Zoonotic transmissions are a major global health risk, and human-animal contact is frequently raised as an important driver of transmission. A literature examining zooanthroponosis largely agrees that more human-animal contact leads to more risk. Yet the basis of this proposition, the term contact, has not been rigorously analyzed. To understand how contact is used to explain cross-species spillovers, we conducted a multi-disciplinary review of studies addressing human-nonhuman primate (NHP) engagements and pathogenic transmissions and employing the term contact. We find that although contact is frequently invoked, it is employed inconsistently and imprecisely across these studies, overlooking the range of pathogens and their transmission routes and directions. We also examine a related but more expansive approach focusing on human and NHP habitats and their spatial overlap, which can potentially facilitate pathogenic transmission. Contact and spatial overlap investigations cannot, however, explain the processes that bring together people, animals and pathogens. We therefore examine another approach that enhances our understanding of zoonotic spillovers: anthropological studies identifying such historical, social, environmental processes. Comparable to a One Health approach, our ongoing research in Cameroon draws contact, spatial overlap and anthropological-historical approaches into dialog to suggest where, when and how pathogenic transmissions between people and NHPs may occur. In conclusion, we call for zoonotic disease researchers to specify more precisely the human-animal contacts they investigate and to attend to how broader ecologies, societies and histories shape pathogen-human-animal interactions.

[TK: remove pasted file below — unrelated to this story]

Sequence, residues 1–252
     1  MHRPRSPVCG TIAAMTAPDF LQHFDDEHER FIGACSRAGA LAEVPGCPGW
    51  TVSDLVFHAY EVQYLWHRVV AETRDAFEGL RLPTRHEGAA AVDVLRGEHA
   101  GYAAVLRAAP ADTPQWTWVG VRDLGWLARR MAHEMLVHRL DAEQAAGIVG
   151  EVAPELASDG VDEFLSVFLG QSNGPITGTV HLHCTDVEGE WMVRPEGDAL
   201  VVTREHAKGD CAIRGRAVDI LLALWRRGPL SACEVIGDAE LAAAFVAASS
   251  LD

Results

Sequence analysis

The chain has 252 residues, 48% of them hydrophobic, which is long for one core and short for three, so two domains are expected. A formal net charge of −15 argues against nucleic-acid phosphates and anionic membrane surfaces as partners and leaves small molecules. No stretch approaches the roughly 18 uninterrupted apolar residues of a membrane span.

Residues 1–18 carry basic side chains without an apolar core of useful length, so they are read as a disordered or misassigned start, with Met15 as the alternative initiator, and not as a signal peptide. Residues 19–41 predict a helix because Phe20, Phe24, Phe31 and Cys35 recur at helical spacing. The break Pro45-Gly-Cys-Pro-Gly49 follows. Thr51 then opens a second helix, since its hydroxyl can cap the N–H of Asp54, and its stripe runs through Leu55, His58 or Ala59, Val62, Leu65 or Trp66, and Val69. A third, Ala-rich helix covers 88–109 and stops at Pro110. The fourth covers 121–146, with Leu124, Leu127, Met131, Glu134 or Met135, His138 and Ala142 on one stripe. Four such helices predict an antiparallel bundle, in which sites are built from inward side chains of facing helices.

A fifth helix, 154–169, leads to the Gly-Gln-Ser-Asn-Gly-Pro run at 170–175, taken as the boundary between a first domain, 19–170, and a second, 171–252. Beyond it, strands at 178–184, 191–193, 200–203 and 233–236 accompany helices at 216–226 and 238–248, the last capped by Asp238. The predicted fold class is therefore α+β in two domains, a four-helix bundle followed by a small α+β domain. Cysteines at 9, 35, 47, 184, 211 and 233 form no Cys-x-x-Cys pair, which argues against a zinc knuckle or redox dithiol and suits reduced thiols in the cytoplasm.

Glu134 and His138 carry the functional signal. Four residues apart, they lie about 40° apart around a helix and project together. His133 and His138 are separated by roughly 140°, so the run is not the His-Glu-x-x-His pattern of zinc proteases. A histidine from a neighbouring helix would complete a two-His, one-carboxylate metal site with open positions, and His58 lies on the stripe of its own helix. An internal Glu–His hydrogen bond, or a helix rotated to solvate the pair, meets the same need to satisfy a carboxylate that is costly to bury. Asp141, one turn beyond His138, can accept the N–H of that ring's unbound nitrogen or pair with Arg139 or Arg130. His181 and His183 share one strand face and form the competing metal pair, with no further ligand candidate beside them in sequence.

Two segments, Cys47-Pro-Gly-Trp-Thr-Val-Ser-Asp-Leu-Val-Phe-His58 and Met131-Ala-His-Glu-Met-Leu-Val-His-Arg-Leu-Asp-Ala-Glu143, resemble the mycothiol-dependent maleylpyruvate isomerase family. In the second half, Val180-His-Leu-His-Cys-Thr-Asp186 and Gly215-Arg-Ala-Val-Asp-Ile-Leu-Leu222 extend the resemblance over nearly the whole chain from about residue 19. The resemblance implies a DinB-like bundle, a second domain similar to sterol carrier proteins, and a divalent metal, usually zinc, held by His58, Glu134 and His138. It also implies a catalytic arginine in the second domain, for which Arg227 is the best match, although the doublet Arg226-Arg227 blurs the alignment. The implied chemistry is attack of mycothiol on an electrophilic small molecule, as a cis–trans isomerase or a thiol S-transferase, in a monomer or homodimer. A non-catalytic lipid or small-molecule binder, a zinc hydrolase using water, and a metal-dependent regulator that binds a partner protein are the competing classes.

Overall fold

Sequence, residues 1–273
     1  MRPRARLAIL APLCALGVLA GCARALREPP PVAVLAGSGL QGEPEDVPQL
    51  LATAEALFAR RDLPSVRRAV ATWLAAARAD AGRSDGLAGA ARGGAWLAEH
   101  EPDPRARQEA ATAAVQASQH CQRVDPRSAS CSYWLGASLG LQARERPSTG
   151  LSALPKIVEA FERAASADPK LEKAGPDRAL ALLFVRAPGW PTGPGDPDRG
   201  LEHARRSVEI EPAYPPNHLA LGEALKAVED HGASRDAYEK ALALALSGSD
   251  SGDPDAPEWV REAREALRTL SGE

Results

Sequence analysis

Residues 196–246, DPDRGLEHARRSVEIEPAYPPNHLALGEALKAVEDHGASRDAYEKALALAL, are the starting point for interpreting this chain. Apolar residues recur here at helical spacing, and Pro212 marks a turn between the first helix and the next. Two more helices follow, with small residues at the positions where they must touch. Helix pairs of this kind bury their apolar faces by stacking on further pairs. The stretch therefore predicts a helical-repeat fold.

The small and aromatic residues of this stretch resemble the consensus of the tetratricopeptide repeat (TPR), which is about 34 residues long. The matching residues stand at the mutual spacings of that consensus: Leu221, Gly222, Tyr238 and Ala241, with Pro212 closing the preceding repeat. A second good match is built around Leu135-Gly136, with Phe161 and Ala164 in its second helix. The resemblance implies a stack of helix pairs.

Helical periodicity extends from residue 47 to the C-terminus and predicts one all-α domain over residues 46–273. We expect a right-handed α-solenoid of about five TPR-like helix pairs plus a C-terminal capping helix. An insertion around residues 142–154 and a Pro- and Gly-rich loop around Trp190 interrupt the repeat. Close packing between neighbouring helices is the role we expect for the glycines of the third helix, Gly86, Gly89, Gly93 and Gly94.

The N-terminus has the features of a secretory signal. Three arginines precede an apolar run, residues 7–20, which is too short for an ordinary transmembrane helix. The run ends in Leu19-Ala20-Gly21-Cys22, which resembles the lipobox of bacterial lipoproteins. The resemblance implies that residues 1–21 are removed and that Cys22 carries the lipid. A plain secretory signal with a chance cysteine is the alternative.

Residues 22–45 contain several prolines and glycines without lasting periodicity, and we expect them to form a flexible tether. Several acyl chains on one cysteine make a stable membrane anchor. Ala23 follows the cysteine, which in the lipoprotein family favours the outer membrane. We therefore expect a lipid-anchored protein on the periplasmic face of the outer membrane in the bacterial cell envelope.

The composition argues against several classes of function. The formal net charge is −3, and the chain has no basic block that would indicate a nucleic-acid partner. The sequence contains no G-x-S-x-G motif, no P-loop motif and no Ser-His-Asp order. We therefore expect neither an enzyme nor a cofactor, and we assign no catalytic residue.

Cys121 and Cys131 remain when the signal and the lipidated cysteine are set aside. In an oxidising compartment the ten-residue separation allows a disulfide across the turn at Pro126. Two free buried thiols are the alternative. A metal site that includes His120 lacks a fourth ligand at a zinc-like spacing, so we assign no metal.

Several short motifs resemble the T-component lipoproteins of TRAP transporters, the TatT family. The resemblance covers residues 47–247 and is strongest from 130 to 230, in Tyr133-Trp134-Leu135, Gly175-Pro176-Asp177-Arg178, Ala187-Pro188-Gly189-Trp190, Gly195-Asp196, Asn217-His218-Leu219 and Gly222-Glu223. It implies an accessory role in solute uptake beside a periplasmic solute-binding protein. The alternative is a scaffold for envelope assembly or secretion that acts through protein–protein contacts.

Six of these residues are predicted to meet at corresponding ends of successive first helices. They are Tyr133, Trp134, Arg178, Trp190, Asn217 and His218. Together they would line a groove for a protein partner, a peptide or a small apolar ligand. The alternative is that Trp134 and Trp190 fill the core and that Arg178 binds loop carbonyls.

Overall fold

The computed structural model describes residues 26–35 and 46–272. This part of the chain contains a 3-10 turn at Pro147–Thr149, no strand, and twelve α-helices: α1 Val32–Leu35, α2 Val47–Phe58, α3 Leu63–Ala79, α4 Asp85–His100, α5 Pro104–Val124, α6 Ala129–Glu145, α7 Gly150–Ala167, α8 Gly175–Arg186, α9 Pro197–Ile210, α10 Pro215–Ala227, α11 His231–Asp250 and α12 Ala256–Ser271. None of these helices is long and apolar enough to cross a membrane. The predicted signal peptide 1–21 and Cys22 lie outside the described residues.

Keywords: Disease emergence; Human–animal contact; Nonhuman primates; One Health; Spillover; Zoonosis.